I suppose that's at the heart of much of the TLJ backlash... Rian did not follow through on fan expectations. But the thing that mystifies me is that, in a way, he did. Luke may be a hollowed-out shell of what he was at the beginning, but he does have a redemptive arc. When he appears to confront his nephew at the end, it is quite literally the return of the Jedi... both in the broad sense that we understand there will be more Jedi to come, but also Luke, personally, coming back... he looks how we expect him to look, digitally youthened, cleaned up, badass and ready for action, right down to a costume that resembles what he wore in ROTJ. The fact that it's an illusion, that he wins by not actually fighting Kylo, is an amazing twist right out of the martial-arts films that Lucas stole the Jedi from in the first place. Luke has achieved zen. I found it immensely moving and satisfying... far better than how poor old Han Solo's demise was handled, and far more in character. It's not how I would've handled Luke or what I necessarily wanted to see... but I feel like Rian was handed a big old plate of shit by The Force Awakens and he managed to make it into a decent meatloaf, if not the t-bone we were craving. TLJ felt like a finale... and it was, for The Adventures of Luke Skywalker. That it was a melancholy one is another thing fueling the backlash... and again, it's not what I would've hoped for myself. In these times, lord knows we could use something rousing and escapist as the original film was during the dark times of the '70s. But, to keep beating the dead bantha, it was appropriate given the framework Rian had to work within.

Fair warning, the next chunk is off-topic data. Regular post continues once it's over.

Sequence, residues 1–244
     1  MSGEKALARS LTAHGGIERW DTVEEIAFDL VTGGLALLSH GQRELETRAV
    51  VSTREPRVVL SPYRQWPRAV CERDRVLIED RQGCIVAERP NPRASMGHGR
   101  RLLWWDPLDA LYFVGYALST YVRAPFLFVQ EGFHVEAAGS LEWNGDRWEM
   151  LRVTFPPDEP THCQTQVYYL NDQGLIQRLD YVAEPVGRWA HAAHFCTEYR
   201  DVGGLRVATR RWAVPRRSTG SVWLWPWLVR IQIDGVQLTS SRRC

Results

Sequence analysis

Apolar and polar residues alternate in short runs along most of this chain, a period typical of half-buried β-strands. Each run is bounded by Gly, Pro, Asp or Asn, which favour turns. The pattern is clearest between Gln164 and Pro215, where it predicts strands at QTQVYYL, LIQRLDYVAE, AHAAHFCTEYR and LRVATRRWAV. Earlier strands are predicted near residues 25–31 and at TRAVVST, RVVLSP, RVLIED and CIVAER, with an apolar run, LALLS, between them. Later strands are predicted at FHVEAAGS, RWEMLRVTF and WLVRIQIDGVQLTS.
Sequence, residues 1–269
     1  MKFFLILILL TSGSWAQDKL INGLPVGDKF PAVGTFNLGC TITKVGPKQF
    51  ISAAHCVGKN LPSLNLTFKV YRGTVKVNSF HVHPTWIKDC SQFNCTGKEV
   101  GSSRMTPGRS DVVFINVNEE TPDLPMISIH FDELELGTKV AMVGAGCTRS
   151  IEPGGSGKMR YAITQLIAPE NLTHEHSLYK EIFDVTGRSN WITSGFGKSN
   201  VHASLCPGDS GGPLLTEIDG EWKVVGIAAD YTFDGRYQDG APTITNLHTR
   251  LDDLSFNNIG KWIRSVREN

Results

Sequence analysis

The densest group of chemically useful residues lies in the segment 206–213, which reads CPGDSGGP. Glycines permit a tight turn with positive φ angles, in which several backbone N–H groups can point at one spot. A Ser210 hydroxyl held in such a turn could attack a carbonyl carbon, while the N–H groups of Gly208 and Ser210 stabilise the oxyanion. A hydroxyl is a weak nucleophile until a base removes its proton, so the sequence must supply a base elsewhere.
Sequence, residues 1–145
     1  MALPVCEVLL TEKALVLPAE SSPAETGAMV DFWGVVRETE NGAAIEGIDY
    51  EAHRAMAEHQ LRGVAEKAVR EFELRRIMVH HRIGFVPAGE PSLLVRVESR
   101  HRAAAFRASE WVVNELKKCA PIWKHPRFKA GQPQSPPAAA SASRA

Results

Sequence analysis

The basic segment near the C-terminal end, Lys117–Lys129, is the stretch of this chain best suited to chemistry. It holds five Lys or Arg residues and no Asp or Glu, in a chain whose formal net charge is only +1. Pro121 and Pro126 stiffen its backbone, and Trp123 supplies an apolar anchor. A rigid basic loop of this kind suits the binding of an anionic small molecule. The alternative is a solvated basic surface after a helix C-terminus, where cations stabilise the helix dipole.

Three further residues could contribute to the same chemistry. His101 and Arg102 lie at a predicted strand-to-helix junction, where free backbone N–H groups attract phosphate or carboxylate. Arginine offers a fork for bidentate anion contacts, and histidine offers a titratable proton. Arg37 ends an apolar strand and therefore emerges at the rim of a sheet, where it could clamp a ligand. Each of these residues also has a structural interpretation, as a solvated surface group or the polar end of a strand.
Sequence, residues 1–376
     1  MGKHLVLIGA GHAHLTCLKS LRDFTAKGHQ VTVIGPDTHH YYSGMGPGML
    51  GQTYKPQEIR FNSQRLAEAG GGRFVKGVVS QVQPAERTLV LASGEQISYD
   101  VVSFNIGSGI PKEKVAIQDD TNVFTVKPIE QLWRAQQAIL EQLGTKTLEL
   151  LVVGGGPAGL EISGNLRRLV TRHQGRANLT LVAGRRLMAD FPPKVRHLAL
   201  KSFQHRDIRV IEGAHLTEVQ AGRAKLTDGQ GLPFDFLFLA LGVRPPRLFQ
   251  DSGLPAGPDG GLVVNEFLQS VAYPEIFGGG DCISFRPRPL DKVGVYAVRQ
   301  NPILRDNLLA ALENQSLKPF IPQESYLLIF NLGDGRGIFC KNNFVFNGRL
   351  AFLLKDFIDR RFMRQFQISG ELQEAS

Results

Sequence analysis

One final thought (I'm running to essay length myself!): that scene with Yoda. It was wonderful and emotional, made me cry... but it also made me think. In a sense, I think, Yoda was speaking to we first-generation fans as much as to Luke, telling us to loosen our grip on this franchise and allow the kids to have their Star Wars. I think George tried to tell us something similar with all the stuff about attachment in the prequels, but of course nobody heard it then either. And the backlashers refuse to hear Yoda as well.

And so it goes...